8 reasons holiday homes don’t make profitable property investments

When the weather gets warmer and you start enjoying those longer, lazier days with summer coming up, it’s easy to get caught up in the romance of acquiring a holiday home.

While there’s not necessarily anything wrong with owning a property intended more for vacation fun than financial gain, purchasing a holiday property is usually not a smart property investment.

We love a good holiday home 10043357_l

Aussies adore bricks and mortar and so-called ‘lifestyle’ accommodation is no exception, with around 700,000 holiday rentals owned by one in every 12 households.

Typically located in coastal locations or near inland waterways, it’s not surprising that many of us aspire to own our own little piece of paradise in areas where the watery recreation pursuits we crave as a culture are so prevalent.

Often holiday lets are purchased in areas that hold some personal significance – places where cherished memories have been created and where we already have a strong emotional investment.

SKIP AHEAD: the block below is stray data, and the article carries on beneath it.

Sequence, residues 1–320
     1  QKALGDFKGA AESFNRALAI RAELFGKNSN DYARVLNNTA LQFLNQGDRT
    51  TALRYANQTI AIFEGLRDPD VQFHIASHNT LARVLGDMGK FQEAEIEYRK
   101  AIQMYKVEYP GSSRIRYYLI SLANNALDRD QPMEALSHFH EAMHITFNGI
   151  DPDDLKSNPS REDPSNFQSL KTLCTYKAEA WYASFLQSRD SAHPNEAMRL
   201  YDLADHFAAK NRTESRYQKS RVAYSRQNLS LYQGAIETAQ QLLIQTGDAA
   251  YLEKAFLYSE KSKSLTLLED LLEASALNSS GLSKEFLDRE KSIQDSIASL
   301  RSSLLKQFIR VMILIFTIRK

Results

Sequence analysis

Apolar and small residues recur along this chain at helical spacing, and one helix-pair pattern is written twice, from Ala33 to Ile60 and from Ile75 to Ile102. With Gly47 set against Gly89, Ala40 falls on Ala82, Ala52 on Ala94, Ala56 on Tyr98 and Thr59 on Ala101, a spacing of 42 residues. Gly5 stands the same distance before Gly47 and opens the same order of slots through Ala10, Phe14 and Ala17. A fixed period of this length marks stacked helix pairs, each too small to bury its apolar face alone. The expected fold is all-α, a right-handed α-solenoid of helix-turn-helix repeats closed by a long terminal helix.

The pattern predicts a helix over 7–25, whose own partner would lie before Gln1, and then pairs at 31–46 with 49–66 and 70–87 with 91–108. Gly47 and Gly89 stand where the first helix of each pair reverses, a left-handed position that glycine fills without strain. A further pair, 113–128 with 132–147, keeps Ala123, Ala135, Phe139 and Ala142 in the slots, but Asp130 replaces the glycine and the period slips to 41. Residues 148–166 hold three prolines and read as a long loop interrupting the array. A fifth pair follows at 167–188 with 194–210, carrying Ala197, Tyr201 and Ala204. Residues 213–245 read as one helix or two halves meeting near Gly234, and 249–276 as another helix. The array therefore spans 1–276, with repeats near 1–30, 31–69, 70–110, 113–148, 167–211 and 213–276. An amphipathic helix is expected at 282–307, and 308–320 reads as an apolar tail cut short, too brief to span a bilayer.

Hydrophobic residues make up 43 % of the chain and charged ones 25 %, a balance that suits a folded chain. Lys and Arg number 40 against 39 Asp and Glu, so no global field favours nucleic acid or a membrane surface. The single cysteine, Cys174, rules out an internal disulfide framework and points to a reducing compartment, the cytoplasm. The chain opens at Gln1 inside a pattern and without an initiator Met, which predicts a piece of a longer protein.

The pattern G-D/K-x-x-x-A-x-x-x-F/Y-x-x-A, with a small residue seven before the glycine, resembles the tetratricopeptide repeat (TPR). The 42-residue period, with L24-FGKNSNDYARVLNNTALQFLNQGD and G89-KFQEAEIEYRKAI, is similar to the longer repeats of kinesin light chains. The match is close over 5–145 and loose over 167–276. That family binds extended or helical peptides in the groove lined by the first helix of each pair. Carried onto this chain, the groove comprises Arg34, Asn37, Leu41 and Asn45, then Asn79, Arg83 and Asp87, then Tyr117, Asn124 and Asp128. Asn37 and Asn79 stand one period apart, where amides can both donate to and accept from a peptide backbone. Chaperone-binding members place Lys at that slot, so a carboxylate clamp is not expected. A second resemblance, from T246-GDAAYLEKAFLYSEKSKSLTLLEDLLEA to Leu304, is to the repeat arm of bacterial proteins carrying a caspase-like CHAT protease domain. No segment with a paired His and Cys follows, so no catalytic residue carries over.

But those warm fuzzy feelings elicited by the idea of a holiday home should never be the basis of a real estate investment decision, because it’s too tempting to “make” the numbers work in order to satisfy your own emotional weekend reading relaxneeds.

Some people rationalize the financial outlay of a lifestyle investment by convincing themselves that if they had so much ‘fun in the sun’ at their belovedholiday spot, others will naturally want to do the same.

Their investment will be in high demand, so buying a property in a popular tourist destination makes perfect sense, right?


Fact is there are so many extenuating circumstances surrounding the viability of a holiday let that the likelihood of this representing a thorn in the side of your portfolio, and dragging down its profitability, is very real.

So let’s explore 8 important considerations you need to carefully weigh up when working out if you should buy a holiday home…

1.     Letting and marketing costs can be high

Remember, this is not a long-term rental property so your tenant market is entirely different. gold key house price cost property rent lease buy sell home

Hence, you need to use property managers experienced in short-term accommodation letting who will charge more for their services; in some instances, you’ll pay as much as 20% of the rental.

Then there’s the consistent marketing of your holiday-let investment, which essentially has to happen all year round to be effective as people book their vacations months in advance.